Should You Prepare for Grocery Shopping? The Role of Hunger.

Laura Muller
About the Author

Laura Friederike Müller is a Psychology Student at the Fresenius University of Applied Sciences in Frankfurt am Main. She is currently doing an internship in the Eat2beNice project studying the effects of nutrition and lifestyle on mental health.

Kevin Amaral
About the Author

Kevin Amaral is a Psychology student at the Justus-Liebig-University of Gießen and is currently doing an internship on the link between nutrition, lifestyle and mental health. at the Dept. of Psychiatry, Psychosomatic Medicine and Psychotherapy of the Goethe University of Frankfurt.


Have you ever done your weekly grocery shopping and ended up with more than actually written on your grocery list? Everybody has at least once experienced how it is to buy food in a supermarket with hunger and buy much more than planned. The widely known recommendation: Never go grocery shopping when you are hungry!!!

But is it only a myth or is there a grain of truth in that advice? What exactly is the issue with going grocery shopping when you are hungry? If you do you probably buy more food than you need and planned to buy. Additionally, unhealthy food might be much more attractive to you than healthy food. The consequence: you have more food at home, so you might eat more and unhealthier. Imagine you are hungry and are coming home from work after a stressful day and now you get to choose between a frozen pizza and a healthy meal that has not been prepared yet – What would you choose? In that situation, I think I would definitely choose the frozen pizza.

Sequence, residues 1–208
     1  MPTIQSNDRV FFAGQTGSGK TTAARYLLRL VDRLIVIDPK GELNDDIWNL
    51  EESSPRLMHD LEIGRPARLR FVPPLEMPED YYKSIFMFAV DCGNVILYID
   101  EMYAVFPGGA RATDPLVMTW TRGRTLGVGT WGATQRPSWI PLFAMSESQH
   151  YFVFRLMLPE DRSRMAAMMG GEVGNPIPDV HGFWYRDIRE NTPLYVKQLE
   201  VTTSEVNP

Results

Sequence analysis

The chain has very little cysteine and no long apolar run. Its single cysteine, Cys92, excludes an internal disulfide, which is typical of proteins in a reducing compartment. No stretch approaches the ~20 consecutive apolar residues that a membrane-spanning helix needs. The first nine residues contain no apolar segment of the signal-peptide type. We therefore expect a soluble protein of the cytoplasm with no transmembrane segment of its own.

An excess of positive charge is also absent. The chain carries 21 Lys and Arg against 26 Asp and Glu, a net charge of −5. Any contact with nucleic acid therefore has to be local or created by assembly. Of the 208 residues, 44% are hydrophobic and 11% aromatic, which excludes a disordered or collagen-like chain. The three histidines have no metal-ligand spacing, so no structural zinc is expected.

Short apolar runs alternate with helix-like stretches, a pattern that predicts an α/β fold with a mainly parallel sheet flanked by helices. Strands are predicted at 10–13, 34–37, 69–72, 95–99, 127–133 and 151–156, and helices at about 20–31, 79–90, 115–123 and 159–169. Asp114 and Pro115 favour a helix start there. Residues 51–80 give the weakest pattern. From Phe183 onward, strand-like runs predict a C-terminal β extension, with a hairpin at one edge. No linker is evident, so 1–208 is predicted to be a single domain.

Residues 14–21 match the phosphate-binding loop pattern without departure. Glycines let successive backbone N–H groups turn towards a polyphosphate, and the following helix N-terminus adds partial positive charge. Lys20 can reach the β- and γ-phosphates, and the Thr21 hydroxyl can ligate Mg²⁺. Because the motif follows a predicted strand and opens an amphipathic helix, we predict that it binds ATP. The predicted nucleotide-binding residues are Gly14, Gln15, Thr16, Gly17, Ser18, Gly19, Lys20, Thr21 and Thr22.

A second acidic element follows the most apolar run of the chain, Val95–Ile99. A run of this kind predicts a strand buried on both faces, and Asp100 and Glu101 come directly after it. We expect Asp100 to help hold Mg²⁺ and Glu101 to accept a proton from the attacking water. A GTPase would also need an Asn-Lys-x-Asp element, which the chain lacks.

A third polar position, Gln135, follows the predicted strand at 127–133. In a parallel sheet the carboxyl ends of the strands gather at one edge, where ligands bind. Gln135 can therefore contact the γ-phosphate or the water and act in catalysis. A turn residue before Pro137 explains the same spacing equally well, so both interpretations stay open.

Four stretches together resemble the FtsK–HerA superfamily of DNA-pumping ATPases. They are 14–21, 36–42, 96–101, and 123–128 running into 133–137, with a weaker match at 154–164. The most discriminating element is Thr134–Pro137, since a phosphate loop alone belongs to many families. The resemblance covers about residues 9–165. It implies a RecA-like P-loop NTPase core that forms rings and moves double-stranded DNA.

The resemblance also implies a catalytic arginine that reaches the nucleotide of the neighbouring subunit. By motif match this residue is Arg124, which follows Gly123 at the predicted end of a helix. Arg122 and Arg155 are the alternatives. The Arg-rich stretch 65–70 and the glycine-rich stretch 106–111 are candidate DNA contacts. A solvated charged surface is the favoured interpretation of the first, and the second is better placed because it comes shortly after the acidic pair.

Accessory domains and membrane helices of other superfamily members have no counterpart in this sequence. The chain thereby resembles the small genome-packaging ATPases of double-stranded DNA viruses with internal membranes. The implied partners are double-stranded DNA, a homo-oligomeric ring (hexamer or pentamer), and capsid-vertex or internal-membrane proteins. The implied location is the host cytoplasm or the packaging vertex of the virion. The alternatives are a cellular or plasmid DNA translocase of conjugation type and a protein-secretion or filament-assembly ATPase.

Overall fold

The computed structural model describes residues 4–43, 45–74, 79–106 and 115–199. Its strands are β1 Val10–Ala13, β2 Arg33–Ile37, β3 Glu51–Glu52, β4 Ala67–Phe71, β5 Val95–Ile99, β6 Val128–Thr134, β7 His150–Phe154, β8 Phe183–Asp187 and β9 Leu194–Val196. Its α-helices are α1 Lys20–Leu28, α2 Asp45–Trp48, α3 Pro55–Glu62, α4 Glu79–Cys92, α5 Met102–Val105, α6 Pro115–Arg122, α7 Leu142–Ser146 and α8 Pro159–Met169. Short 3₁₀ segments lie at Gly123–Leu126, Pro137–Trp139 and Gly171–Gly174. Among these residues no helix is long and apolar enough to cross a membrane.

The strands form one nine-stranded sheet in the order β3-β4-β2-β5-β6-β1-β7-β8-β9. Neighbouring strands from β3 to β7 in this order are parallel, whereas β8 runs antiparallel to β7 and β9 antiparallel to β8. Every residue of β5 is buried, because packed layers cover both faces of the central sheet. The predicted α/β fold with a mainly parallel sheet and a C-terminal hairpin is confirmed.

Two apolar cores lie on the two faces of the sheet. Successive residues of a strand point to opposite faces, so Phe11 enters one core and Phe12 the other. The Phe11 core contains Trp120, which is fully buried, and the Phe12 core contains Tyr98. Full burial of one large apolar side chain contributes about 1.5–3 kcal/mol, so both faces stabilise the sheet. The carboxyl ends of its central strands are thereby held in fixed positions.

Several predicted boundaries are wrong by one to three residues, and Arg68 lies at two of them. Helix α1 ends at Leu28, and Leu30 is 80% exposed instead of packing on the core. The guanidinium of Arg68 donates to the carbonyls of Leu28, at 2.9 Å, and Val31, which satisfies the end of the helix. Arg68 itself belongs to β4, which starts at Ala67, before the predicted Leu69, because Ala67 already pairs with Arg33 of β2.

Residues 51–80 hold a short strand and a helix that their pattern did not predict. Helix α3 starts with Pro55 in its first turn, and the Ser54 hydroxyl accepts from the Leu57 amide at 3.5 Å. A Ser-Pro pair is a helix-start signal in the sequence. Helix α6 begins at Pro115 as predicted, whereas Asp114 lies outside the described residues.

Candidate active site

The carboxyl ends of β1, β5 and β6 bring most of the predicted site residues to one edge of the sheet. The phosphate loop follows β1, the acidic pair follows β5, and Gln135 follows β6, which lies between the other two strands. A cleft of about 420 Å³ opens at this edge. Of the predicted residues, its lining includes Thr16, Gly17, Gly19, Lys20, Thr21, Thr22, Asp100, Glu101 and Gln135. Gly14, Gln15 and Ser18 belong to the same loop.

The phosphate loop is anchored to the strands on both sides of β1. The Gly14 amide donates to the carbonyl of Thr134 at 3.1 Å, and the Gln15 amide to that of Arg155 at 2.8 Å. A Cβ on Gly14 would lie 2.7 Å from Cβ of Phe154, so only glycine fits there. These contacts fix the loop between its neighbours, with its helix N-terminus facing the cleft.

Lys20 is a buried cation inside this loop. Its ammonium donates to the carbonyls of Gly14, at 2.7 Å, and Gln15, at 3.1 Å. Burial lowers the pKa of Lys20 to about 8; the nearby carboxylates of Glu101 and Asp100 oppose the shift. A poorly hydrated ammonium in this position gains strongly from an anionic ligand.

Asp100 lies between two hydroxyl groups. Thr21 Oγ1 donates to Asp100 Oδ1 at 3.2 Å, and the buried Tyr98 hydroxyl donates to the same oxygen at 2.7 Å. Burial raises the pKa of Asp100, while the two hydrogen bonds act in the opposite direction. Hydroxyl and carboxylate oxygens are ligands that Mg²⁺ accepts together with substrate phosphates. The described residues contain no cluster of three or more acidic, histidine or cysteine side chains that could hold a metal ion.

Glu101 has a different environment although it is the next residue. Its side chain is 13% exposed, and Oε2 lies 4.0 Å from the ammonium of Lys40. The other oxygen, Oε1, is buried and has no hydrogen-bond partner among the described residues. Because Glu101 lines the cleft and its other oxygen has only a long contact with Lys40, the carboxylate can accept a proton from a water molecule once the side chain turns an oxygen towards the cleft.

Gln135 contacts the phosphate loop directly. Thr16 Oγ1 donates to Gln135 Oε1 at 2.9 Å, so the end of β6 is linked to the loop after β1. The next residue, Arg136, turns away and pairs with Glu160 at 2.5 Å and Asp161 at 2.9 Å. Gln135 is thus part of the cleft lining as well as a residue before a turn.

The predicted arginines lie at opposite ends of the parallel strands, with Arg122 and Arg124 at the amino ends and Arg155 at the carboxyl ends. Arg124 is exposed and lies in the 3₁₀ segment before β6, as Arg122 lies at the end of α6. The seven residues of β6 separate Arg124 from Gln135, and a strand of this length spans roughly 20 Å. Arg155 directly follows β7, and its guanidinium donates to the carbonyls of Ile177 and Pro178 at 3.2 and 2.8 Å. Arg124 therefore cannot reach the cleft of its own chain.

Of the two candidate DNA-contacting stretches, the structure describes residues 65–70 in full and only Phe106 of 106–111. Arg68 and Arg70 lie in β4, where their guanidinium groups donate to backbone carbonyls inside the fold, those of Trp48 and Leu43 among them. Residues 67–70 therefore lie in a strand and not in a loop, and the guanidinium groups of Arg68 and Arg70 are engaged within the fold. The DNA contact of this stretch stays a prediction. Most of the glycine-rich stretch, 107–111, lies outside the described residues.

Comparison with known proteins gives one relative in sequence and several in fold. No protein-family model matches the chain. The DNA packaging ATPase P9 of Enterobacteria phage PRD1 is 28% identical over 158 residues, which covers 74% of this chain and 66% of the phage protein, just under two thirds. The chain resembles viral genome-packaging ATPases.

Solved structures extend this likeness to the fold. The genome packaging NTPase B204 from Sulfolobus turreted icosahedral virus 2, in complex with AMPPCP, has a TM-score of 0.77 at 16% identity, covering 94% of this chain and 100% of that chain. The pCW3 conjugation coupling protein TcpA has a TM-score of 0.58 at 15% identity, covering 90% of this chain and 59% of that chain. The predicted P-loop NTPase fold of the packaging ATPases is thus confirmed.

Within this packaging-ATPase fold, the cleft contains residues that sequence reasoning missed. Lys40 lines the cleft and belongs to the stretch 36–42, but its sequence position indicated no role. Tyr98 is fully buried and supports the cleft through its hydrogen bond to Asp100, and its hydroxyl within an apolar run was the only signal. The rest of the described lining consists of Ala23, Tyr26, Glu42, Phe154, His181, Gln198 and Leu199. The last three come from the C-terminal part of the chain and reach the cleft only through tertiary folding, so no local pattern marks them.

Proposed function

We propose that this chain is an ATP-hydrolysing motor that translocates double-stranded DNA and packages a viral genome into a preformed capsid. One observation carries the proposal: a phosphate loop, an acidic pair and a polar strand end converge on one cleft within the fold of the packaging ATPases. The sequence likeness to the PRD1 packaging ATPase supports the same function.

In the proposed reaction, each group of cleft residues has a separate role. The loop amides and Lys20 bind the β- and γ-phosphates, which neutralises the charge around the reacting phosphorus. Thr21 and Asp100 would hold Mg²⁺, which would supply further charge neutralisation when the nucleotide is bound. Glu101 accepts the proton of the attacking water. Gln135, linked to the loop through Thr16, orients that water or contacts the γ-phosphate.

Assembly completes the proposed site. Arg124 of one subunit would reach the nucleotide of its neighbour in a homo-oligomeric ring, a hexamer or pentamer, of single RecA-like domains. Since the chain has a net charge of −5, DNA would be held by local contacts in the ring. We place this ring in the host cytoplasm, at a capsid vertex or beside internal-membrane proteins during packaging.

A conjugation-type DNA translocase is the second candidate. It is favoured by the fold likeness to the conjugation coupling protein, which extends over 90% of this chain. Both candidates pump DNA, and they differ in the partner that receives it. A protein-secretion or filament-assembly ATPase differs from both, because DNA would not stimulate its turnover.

High-calorie food and unhealthy food are associated with obesity. Obesity research found a moderate relationship between obesity and emotional disorders like depressive disorder and anxiety disorder [1]. Thus, having fast food frequently might not only affect your physical, but also your mental well-being.

Let’s rewind to grocery shopping, but now consider you are not hungry. You probably would only buy the things that are on your grocery list, and also healthy rather than unhealthy food. So now, you come home hungry from a stressful day at work and you don’t have the choice between healthy and unhealthy food, and the temptation of the frozen pizza isn’t there. So you would start to prepare your healthy food and thus automatically eat healthier.

Coming back to the question if these scenarios are devised or true, and thus representative for weekly grocery shopping. Research has shown that impulsivity, obesity, and food buying behavior are related. People with obesity are more impulsive than slim people. Also, impulsive people eat more than less impulsive people. Hunger influences food buying behavior and food consumption, especially of high caloric food. The relationship between impulsivity and buying food might be state-dependent: researchers have found that impulsive people bought more calories, especially from snack food, but only when they were feeling hungry. This means that impulsivity and hunger interact in their influence on consumption. Obese people are found to show a preference for energy-dense, high-fat food and eat more of these foods, compared to slim people [2].

What’s the conclusion?Yes, hunger influences your grocery shopping, especially in interaction with impulsivity. If you consider yourself an impulsive person, you might be more prone to buying more than intended when you go shopping hungry.

Thus, if you have the chance: only go shopping for groceries when you are full and focused. If you accidentally get into a hungry grocery shopping situation, keep this blog in mind and try to focus on your grocery list.